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Idaho schools chief makes pitch to lawmakers to stick with plan to boost teacher pay, earns high marks

UPDATED: Thu., Jan. 26, 2017, 10:32 p.m.

State Superintendent of Public Instruction Sherri Ybarra speaks to reporters Tuesday during a media conference  in Boise, Idaho. Wilder School Superintendent Jeff Dillon was the first to file to run for state superintendent of public instruction in 2018. Ybarra has announced she will seek re-election. (Kimberlee Kruesi / Associated Press)
State Superintendent of Public Instruction Sherri Ybarra speaks to reporters Tuesday during a media conference in Boise, Idaho. Wilder School Superintendent Jeff Dillon was the first to file to run for state superintendent of public instruction in 2018. Ybarra has announced she will seek re-election. (Kimberlee Kruesi / Associated Press)

BOISE – Idaho state school Superintendent Sherri Ybarra told lawmakers Thursday that funding the third year of Idaho’s five-year plan to improve teacher pay is imperative, “not only to attract new teachers into the profession, but also to provide an incentive for our great Idaho teachers to remain in the classroom.”

Next year’s piece of the state’s new teacher career ladder is the priciest one. Originally estimated at $58 million, it’s now up to $62 million thanks to higher than expected student enrollments this year that pushed up next year’s projections by roughly 100 classrooms full of kids. That’s the largest single piece of the $104 million-plus increase Ybarra’s requesting for the schools next year.

“This is such important work,” Ybarra told the Legislature’s joint budget committee. She said her budget proposals will bring the state a strong return on investment.

Lawmakers gave the third-year superintendent generally high marks for her detail-packed, fast-paced budget presentation, which was a marked contrast from her first year in office, when her truncated presentation left lawmakers scratching their heads.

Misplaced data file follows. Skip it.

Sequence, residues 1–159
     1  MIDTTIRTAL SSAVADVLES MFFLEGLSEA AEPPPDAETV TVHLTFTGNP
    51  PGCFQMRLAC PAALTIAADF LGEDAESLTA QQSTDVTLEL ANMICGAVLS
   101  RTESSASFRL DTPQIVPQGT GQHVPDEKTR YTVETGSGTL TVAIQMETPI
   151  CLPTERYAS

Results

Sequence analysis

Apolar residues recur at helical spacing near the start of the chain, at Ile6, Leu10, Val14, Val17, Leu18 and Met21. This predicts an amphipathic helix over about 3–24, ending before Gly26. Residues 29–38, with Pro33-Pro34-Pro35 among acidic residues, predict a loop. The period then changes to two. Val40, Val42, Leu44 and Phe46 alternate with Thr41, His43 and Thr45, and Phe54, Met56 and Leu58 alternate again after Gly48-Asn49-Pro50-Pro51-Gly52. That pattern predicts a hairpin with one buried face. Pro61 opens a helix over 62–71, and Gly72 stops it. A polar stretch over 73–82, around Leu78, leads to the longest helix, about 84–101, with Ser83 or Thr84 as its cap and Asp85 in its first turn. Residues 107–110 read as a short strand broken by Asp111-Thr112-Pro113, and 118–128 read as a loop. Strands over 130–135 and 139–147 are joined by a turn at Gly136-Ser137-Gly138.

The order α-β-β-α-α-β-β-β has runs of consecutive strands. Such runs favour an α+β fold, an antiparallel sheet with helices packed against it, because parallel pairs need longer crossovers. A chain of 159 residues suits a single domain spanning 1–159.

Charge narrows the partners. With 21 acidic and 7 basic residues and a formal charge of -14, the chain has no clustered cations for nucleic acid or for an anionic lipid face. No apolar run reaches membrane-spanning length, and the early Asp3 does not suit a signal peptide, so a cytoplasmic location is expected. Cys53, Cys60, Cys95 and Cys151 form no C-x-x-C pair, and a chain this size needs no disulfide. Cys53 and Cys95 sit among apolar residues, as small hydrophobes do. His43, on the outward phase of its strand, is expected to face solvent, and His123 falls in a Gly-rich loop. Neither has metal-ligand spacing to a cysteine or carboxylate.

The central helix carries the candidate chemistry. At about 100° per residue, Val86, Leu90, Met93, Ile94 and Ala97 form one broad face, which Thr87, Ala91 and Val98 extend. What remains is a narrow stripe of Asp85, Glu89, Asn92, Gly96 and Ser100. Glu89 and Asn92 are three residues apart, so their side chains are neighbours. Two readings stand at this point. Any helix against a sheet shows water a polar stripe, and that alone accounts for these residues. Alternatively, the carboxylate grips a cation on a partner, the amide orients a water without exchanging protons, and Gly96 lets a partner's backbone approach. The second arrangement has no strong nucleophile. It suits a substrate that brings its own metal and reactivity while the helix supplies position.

Ybarra requested a 6.6 percent increase in state general funds for public schools next year, at $1.679 billion, up from this year’s $1.574 billion. Those figures don’t include educational services for the deaf and blind, a separate agency for which Ybarra doesn’t develop the budget, but which is generally lumped in with the public school budget for accounting purposes. Counting the deaf and blind services, Ybarra’s request shows a 6.7 percent increase in state general funds, while Gov. Butch Otter’s recommendation is for a 6.4 percent increase.

Educational services for the deaf and blind have two major budget requests for next year that Otter’s recommending funding: Raising teacher pay to match career ladder increases in public schools and help attract teachers certified to teach children who are deaf or blind; and adding two administrators.

A key difference between Ybarra’s budget proposal and Otter’s is that the governor is recommending $5 million in the state Board of Education’s budget – not in the school budget – for improving teacher evaluations and the performance of school principals, while Ybarra said her $300,000 request would cover that need and her department’s efforts in those areas already are underway.

Otter also is recommending a $10 million increase in classroom technology funding, while Ybarra’s requesting $8 million. And Otter is not recommending funding for several of Ybarra’s line items, including another $2 million for early literacy; a $1.1 million increase for students with limited English proficiency; additional raises for classified staffers like janitors and cafeteria workers; and a $1.7 million boost to math instruction.

Ybarra made a strong pitch to lawmakers that her office should be in charge of teacher evaluations and training of principals, saying she’s the “constitutional officer with the direct supervision responsibility.” The evaluations are key to the new teacher career ladder plan, as teachers would move up in the ladder based on their evaluations.


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